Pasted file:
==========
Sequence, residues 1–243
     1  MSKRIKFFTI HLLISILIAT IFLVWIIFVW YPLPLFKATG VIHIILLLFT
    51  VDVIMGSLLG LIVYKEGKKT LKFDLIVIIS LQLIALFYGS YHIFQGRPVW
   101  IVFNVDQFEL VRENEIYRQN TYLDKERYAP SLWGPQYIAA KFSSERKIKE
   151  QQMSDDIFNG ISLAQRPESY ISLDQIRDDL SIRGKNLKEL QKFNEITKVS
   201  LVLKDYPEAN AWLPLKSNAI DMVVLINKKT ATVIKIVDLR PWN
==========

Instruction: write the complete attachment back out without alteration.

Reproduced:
Sequence, residues 1–243
     1  MSKRIKFFTI HLLISILIAT IFLVWIIFVW YPLPLFKATG VIHIILLLFT
    51  VDVIMGSLLG LIVYKEGKKT LKFDLIVIIS LQLIALFYGS YHIFQGRPVW
   101  IVFNVDQFEL VRENEIYRQN TYLDKERYAP SLWGPQYIAA KFSSERKIKE
   151  QQMSDDIFNG ISLAQRPESY ISLDQIRDDL SIRGKNLKEL QKFNEITKVS
   201  LVLKDYPEAN AWLPLKSNAI DMVVLINKKT ATVIKIVDLR PWN